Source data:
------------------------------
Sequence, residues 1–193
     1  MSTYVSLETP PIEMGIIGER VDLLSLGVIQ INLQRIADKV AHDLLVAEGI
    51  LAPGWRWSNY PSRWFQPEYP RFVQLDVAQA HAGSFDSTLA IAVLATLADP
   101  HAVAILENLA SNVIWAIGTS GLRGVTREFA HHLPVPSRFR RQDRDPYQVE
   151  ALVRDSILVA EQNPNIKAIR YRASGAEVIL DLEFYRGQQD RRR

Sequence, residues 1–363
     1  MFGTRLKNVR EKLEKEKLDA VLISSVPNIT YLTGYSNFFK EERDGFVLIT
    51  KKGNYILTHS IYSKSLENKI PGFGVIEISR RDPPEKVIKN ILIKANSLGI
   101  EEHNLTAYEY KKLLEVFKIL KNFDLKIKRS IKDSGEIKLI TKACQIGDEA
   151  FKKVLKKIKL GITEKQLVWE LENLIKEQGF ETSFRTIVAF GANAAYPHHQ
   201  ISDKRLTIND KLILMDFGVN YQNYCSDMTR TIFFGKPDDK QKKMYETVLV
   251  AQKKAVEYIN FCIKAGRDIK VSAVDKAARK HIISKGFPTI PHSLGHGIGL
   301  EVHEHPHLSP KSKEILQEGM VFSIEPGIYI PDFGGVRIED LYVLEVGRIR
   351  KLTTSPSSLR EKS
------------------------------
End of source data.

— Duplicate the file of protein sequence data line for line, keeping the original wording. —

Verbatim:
Sequence, residues 1–193
     1  MSTYVSLETP PIEMGIIGER VDLLSLGVIQ INLQRIADKV AHDLLVAEGI
    51  LAPGWRWSNY PSRWFQPEYP RFVQLDVAQA HAGSFDSTLA IAVLATLADP
   101  HAVAILENLA SNVIWAIGTS GLRGVTREFA HHLPVPSRFR RQDRDPYQVE
   151  ALVRDSILVA EQNPNIKAIR YRASGAEVIL DLEFYRGQQD RRR

Sequence, residues 1–363
     1  MFGTRLKNVR EKLEKEKLDA VLISSVPNIT YLTGYSNFFK EERDGFVLIT
    51  KKGNYILTHS IYSKSLENKI PGFGVIEISR RDPPEKVIKN ILIKANSLGI
   101  EEHNLTAYEY KKLLEVFKIL KNFDLKIKRS IKDSGEIKLI TKACQIGDEA
   151  FKKVLKKIKL GITEKQLVWE LENLIKEQGF ETSFRTIVAF GANAAYPHHQ
   201  ISDKRLTIND KLILMDFGVN YQNYCSDMTR TIFFGKPDDK QKKMYETVLV
   251  AQKKAVEYIN FCIKAGRDIK VSAVDKAARK HIISKGFPTI PHSLGHGIGL
   301  EVHEHPHLSP KSKEILQEGM VFSIEPGIYI PDFGGVRIED LYVLEVGRIR
   351  KLTTSPSSLR EKS